Illegal Cuban doctor scandal: Weekend Post

Psychiatrist found to be ‘incompetent’ allowed to treat patients because Eastern Cape Health Department ‘does not take orders from secretaries’

A CUBAN doctor whose medical licence was withdrawn by the Health Professions Council after she was found to be “incompetent” was allowed to treat patients in Nelson Mandela Bay for at least another two weeks. While finally stopping her from treating patients this week, the provincial Health Department has indicated that despite the fact that she cannot work, they are not taking immediate steps to remove her from her post.

Last month, specialist psychiatrist Dr Gaby Mendez-Gonzalez was declared incompetent by the council (HPCSA) after an assessment carried out in September last year.

This followed a two-year investigation by the HPCSA into the competency of Mendez-Gonzalez – who practised as a psychiatrist at Dora Nginza Hospital – after questions over her ability to care for patients were raised by doctors.

Hospital sources said due to concerns over the way she was treating young patients, she was moved from the department of psychiatry, banned from the department of paediatrics, and ended up working at the department of family medicine.

Following recommendations from the subcommittee for postgraduate education and training (medical) and the education and registration committee, the board of the HPCSA decided to have Mendez-Gonzalez erased from the register of medical practitioners with immediate effect.

A letter informing hospital management about the decision was dated July 28.

Hospital sources, however, said management was instructed by the Eastern Cape Health Department not to act on the letter.

Department spokesman Sizwe Kupelo said this week that this was because they had “technical issues” with the letter that was signed by the HPCSA’s general manager, Madimetja Lamola.

“It was signed by a secretary and we don’t take orders from secretaries,” Kupelo said.

The department believed the correct protocol would be for the letter to be signed by the chief executive of the HPCSA, Dr Buyiswa Mjamba Matshoba.

Other sources, however, claimed that the head of hospital services management for the Health Department, Dr Litha Matiwane, said it would cause “diplomatic problems” with Cuba. Kupelo denied this. Meanwhile, the South African Society of Psychiatrists also withdrew Mendez-Gonzalez’s membership at the end of last month.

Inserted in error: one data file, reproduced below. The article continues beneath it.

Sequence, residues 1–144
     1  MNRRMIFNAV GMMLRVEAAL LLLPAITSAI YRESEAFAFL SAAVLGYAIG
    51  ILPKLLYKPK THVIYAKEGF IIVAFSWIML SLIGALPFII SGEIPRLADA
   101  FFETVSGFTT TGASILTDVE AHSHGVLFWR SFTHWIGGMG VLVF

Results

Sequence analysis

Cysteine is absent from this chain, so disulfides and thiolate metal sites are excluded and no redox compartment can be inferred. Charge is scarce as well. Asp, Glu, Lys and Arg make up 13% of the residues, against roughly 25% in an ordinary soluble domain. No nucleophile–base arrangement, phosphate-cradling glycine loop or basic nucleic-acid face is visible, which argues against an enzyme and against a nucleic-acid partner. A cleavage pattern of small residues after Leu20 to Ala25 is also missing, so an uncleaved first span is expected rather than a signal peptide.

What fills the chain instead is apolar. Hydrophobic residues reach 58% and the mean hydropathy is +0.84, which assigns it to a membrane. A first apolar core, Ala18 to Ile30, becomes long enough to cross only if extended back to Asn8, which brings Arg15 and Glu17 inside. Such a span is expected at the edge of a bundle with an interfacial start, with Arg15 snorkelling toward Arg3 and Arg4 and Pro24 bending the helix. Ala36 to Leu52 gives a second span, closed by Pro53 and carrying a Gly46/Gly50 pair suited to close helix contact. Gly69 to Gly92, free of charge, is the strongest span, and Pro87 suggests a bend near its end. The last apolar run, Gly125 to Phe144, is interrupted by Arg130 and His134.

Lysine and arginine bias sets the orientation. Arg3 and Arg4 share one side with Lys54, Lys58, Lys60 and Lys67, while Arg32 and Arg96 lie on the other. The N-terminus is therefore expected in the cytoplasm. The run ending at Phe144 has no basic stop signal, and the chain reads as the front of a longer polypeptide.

Kupelo admitted earlier this week that Mendez-Gonzalez’s was working “under supervision” at Dora Nginza Hospital’s casualty department.

But he then said on Wednesday – after receiving a call from Weekend Post – that she had been stopped from seeing patients.

He said that no decision had been taken about Mendez-Gonzalez’s future at the hospital and she would be allowed to come to the hospital and sit in her office.

“The department has liaised with the Health Professions Council SA seeking [clarity on] technical issues with regard to the doctor concerned. Matiwane did not raise diplomatic fears, but technicalities which are valid in our view.

“The HPCSA has yet officially to communicate their decision to the accounting officer of the department. We are aware that such communication has been sent to the CEO of the hospital but [in our view] it is not signed by [the correct] authorities.”

Kupelo said that Mendez-Gonzalez had also been stopped from performing any other clinical work.

“We want to reassure members of the public that the department acts in their best interest. Even in this instance, no doctor would be allowed to practise without a licence, but such a decision has to be implemented in line with policy and law,” Kupelo said.

“If a doctor does not have a licence, he or she cannot be allowed to practise and diplomatic relations have no bearing on it.

“The position as of [Wednesday] following discussion with superintendent-general Dr Tobile Mbengashe, [was that] MendezGonzalez was instructed to stop seeing patients altogether,” Kupelo said.

Spokesman for the Eastern Cape Health Crisis Action Coalition Fikile Boyce said if there were patients who were negatively impacted on by the Health Department’s refusal to stop Mendez-Gonzalez from working, they would assist them in bringing legal action against the state.

“The Department of Health has a duty to work diligently with public funds. Allowing a doctor who is no longer competent to work is not responsible,” he said.

Mendez-Gonzalez said she was in the process of seeking legal advice about the revocation of her medical licence and had no further comment.

The Democratic Alliance’s shadow MEC for health in the province, Celeste Barker, said the party condemned the inconsistent management by the Health Department that had enabled Mendez-Gonzalez to continue working at the hospital after being struck off the roll.

“Irresponsible management kept a barred doctor working with very vulnerable state patients. Patients’ lives have been risked and the credibility and image of the Department of Health, this province and our country has been unnecessarily undermined,” Barker said.

“We therefore invite the Department of Health to take a study tour to the provincial hospitals of the Western Cape where management adheres to the law.”

The HPCSA did not respond to requests for comment. — Estelle Ellis